I was playing poker with some folks last night, and one thing that definitely dawns on you is that there are no expected value theorists in a gambling den. Watching a whole big stack of chips vanish after a series of bets that were perfectly appropriate given one's ex ante knowledge, the fact that if the same scenario were to play itself out ten more times you'd likely turn out way ahead provides small comfort. When you've lost, you've lost. So that's prologue.

Brad Delong makes a point that many have made in response to my post on the American Revolution. I may be right about some of what I said, but the Revolution certainly seemed like a good idea at the time:

I, however, firmly endorse and support the American Revolution, in the sense that it looked like the right thing to do at the time. Remember that the political evolution of Britain toward democracy was not foreordained as of 1775. (Indeed, the pressure exerted by the example of the United States was a powerful democratizing force in Britain throughout the whole of the nineteenth century.) Britain in 1775 was a corrupt monarchical oligarchy--albeit one with much softer rule, a much more effective state, and a much broader and more open system of political competition within the oligarchy than has been standard in human empires. It is quite likely that--absent the American Revolution and the Great Democratic Example across the seas, and absent the long reign of Victoria--the political evolution of nineteenth-century Britain would have stuck where it was at the accession of George III, or even moved backward away from democracy to some degree.

It is one thing to be a Dominion in close alliance with and owing some degree of allegiance to a rapidly-democratizing Britain. It is another thing to be a colony of a superpower ruled by a corrupt coterie of landlords.

That's almost certainly right. I wouldn't want to be understood as saying that the Founders should have known better than to rebel. There's no way they could have seen the sort of geopolitical conflicts between the English-speaking world and various Teutonic and Slavic (and now, perhaps, Arab) tyrannies, nor is it by any means clear that Britain and her dominions would have developed such benign governance structures absent the Revolution to cause them to rethink a thing or two. I just want to consider what sort of emotional response we should have to the fact of the Revolution.

Some colonial situations are inherently unworkable. Nothing France did short of genocide could have made Algeria into an integral part of the Republic. British policies in Canada, Australia, and New Zealand, however, demonstrate that there were approaches that the United Kingdom could have taken to the thirteen colonies that would have led to a workable form of political association. Indeed, even without any formal structure, after World War II the British settler states share a set of fairly close ties. The Wealth of Nations was published in 1776 and argued, quite correctly, that the set of policies Britain was attempting to impose on the Thirteen Colonies were not really in Britain's interests, revolution or otherwise. I infer from this that the realization that an enlightened policy of benign neglect combined with an effort to come up with some kind of coordination and burden-sharing on defense matters would have was not conceptually impossible in the eighteenth century. That the King and his ministers failed to work this out is something to be regretted. That, in response to this failure, the Colonies revolted was quite appropriate. Still, it would have been a better world had wiser leadership prevailed and the breach not occurred.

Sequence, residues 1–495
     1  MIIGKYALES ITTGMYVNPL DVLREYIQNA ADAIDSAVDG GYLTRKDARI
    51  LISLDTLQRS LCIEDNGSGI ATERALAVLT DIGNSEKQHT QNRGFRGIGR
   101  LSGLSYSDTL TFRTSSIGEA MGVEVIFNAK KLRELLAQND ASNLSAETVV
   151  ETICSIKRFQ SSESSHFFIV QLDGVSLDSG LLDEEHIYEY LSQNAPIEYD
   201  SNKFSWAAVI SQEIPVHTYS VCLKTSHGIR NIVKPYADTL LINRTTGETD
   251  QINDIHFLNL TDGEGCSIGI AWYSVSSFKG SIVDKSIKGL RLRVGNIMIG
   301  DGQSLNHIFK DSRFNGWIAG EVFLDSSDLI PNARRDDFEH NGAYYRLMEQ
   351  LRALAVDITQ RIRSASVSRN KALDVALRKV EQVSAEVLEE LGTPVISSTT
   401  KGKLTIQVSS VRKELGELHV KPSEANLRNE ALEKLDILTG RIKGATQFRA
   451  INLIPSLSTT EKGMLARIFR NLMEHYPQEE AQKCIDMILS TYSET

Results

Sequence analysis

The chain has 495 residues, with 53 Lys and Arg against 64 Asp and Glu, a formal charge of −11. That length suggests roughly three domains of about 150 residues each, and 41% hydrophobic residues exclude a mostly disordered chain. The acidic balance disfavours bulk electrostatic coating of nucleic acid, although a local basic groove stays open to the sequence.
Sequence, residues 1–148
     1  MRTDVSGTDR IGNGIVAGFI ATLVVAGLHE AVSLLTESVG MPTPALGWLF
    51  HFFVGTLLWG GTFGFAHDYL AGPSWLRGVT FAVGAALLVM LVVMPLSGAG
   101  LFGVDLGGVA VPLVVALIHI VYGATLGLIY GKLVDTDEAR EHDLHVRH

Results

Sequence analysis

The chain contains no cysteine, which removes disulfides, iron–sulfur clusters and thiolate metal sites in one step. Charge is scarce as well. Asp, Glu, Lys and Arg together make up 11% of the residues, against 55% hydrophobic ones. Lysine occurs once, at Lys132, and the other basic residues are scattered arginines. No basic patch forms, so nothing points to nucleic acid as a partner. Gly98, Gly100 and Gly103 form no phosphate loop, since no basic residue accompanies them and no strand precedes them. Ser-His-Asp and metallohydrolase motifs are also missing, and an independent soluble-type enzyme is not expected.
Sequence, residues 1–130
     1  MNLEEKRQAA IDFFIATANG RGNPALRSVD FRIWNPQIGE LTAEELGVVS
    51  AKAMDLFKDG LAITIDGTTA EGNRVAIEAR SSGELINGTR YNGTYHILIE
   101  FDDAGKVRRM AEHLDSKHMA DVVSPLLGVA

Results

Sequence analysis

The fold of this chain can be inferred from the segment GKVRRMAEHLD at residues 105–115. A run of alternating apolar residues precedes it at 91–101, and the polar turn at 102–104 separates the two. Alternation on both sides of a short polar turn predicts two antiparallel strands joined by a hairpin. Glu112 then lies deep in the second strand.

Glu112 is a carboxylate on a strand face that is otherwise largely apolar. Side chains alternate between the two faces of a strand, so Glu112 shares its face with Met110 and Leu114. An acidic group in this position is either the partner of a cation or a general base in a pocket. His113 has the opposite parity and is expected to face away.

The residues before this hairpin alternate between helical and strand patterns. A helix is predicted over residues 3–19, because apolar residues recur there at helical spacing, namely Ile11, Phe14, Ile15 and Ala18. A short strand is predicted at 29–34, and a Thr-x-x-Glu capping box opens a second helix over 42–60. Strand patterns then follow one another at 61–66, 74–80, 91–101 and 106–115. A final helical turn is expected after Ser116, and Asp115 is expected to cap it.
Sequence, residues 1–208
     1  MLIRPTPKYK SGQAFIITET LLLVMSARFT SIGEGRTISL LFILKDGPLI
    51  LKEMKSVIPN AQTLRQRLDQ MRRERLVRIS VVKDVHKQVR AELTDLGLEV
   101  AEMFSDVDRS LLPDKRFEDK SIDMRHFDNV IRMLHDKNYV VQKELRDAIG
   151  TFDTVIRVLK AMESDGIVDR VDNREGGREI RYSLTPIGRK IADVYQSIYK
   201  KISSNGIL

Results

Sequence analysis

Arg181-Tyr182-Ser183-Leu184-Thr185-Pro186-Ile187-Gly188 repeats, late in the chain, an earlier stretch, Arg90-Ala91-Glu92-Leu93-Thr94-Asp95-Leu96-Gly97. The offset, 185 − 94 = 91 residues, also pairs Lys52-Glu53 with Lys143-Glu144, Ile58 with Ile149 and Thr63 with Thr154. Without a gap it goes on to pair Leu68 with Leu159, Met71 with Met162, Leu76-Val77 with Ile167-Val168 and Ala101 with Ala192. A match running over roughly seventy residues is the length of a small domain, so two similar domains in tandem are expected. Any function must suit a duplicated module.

In this context, it's worth noting that despite two hundred years of living under the current political order, the social and cultural realities of North America still don't map onto the divide into Canada and the United States very well. Québec is culturally distinct from Anglo-Canada in a way that Anglo-Canada is not from the United States. This is especially true if you consider the non-Southern portions of the United States. The gap between British Columbia and the American Pacific Coast is much smaller than the gap between either and Dixie or Québec. One could say the same thing about Ontario and the Great Lakes portion of America, Atlantic Canada and New England, and possibly about the Canadian plains and the bit of the USA that lies to their South. A three-way division between the Confederacy, Québec, and The Rest would make more sense than dividing The Rest in two and grafting one alien element onto each.